There was full male and female nudity in the production, in keeping with the telling found in the movie.  I found it a little shocking being live, even though such nudity and language can be seen on cable TV any day of the week.  It must be daunting for singers who might want to appear in future productions.  Was it integral to the story?  It was.  Was it salacious or gratuitous?  No, it was not.  Would the opera have been as effective without the nudity?  I doubt it; it added significant impact to the drama.  I was in no way offended.  What I can say for sure is that this opera worked as it was performed and presented.  Change it and it might not work.  For me, Waves was actually better than Cold Mountain which I liked very much.  As always, the thrill of seeing new opera added additional excitement.

The timing was remarkable for me.  I enjoyed seeing the Washington National Opera’s The Marriage of Figaro a week ago.  Figaro and Waves could hardly be more different in styles.  I was more affected by Waves, but I enjoyed Figaro; I think that the third time around for me,  Figaro has become more of an entertainment experience than an arts experience.  I wonder what Mozart would think about Waves.  I bet he would like the sexual aspects, and in particular, the shock value of the sex.  What would he think of the music?  I bet he would think it was creative and inventive and that it worked.  He would like its originality and the freedom available to its composer.  What else?  Keeping in mind that I am not trained in music, It seems to me that for both Cold Mountain and Breaking the Waves, the music was very much in service of the story.  Interestingly, I had the impression that Puccini was moving that way in La Fanciulla del West which I saw recently.  But in general for the great composers of the past like Puccini, Mozart, Verdi, Wagner and a few others, it sometimes seems to me that sections of the music are there for their own sake.  An aria might be as much a vehicle for the music as it is in service of the story.  How would today's approach set with Mozart?  Not well perhaps.  We can't really say, but Breaking the Waves was not composed for 18th century audiences; it is cutting edge for now.  It is opera that connects us with our time.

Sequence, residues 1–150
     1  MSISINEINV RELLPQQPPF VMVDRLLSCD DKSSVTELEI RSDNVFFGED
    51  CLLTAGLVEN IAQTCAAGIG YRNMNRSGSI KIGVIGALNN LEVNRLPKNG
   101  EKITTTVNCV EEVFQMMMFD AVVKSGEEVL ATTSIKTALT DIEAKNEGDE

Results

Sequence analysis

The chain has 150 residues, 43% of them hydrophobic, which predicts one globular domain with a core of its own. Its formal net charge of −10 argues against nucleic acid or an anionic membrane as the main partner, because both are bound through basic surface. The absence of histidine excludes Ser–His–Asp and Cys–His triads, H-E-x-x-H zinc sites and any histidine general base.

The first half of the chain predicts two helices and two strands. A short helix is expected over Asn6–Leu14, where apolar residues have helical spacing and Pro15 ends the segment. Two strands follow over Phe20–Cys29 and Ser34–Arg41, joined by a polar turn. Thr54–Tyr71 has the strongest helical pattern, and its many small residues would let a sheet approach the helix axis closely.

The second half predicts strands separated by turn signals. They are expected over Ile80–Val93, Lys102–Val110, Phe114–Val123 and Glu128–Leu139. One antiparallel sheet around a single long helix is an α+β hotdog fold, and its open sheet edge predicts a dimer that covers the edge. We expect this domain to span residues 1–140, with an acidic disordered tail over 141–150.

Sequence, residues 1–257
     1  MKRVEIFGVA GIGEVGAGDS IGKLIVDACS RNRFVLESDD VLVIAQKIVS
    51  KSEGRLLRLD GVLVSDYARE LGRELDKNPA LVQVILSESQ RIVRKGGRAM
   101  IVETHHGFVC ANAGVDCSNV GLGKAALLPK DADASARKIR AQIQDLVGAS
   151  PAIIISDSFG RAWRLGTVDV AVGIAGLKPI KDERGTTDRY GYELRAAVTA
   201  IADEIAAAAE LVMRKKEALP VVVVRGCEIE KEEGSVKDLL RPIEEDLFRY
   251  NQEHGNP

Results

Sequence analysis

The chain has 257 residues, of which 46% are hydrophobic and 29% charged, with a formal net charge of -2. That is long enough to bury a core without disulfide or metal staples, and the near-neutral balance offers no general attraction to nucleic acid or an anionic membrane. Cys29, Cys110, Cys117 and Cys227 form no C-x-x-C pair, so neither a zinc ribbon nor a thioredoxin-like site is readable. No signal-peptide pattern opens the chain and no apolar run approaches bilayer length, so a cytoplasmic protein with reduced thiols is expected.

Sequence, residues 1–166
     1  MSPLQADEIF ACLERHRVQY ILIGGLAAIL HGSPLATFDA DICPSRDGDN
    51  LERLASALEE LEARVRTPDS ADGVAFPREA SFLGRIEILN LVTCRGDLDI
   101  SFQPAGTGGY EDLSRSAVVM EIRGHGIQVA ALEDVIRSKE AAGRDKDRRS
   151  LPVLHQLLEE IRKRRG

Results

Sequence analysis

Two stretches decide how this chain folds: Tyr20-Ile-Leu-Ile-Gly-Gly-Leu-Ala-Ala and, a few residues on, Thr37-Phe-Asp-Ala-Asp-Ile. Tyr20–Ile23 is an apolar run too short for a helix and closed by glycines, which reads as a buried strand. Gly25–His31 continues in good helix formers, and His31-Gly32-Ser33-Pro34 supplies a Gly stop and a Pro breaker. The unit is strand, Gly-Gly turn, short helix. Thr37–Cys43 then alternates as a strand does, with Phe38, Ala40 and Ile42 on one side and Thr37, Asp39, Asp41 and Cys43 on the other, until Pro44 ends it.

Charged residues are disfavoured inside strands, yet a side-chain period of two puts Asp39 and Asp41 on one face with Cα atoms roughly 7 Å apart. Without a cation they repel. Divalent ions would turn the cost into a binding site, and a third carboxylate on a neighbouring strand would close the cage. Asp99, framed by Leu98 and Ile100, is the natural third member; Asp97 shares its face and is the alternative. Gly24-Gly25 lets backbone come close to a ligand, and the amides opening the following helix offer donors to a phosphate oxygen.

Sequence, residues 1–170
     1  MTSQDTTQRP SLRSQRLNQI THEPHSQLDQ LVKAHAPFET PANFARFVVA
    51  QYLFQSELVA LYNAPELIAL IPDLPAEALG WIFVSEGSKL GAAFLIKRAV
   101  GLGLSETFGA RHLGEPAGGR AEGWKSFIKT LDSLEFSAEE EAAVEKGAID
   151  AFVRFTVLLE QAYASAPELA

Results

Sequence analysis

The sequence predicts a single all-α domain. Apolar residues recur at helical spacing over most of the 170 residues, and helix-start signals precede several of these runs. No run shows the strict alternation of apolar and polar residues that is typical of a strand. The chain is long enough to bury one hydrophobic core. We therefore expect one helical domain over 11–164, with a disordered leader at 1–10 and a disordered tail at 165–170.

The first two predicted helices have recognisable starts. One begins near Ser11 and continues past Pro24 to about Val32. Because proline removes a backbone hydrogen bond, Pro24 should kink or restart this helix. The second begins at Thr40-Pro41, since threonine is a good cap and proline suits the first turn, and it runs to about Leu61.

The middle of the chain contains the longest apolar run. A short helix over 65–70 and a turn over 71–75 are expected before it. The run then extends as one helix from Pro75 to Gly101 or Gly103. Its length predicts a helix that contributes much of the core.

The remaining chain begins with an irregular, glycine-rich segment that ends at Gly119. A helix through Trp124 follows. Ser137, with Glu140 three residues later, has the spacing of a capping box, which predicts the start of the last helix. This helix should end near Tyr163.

Professional reviews of this production are accessible by links in the performance listings in the sidebar to the right (or bottom on a mobile device). 

WNO’s Season Opening, The Marriage of Figaro: The Fan Experience

Vienna, VA about noon on 9-22-16

Ok, opera tonight.  Washington National Opera’s 2016-2017 season opener – The Marriage of Figaro at 7 or 7:30 pm at the Kennedy Center.  Ugh, expect traffic, but oddly excited to see Figaro yet again.  Several name brand cast members I am anxious to hear.  Need to print off parking voucher ($20 after $2 discount for reserving online early) or maybe just rely on texted copy on cell phone?  Done that before ok.  Have to go solo tonight.  What to do about dinner?  Maybe grab something in the Terrace Cafeteria there.  Let’s see, I think the opera is 7:30.  Should leave about 5:30 to pick up my ticket exchange at the box office will call booth and to have time to eat.

About 5 pm

Time to dress.  Wish I felt comfortable attending wearing a T-shirt and jeans.  Hmmm, sport coat and slacks, but no tie!  Shoes need shinning.  Should I wear a tie?  Almost 5:30. Time to go.  Gotta take confirmation number for ticket, and oh, I think I will print off parking voucher.  Darn, already 5:40.

Good grief!  Tyson’s traffic is at its rush hour worst.  OMG, I need gas.  Back in traffic, now 5:50.  Starting to feel a little time pressure.  Starting time is 7:30, not 7:00, right?  Traffic crawls to Rte 66 bypas (sorry fella, I had to move over; your gesture was amusing) and then crawls past Lee Highway exit on Rte 66.  Moving now.  Another back up on the Bridge.  Breathe, remember to breathe.  Another back up getting into Kennedy Center parking lot.  Glad I printed off voucher; calling up text on the cell phone takes time.  Saying to myself: metro next time, but driving to park at station and the ride in, plus getting from the stop to KC, takes almost as much time and my knees say no, no, no.  Wonder what a limo costs.  Going home will be easier.  Ok, where to park to exit fastest when its over; best closest to entrance.  Yikes, it’s a couple of minutes before 7 pm.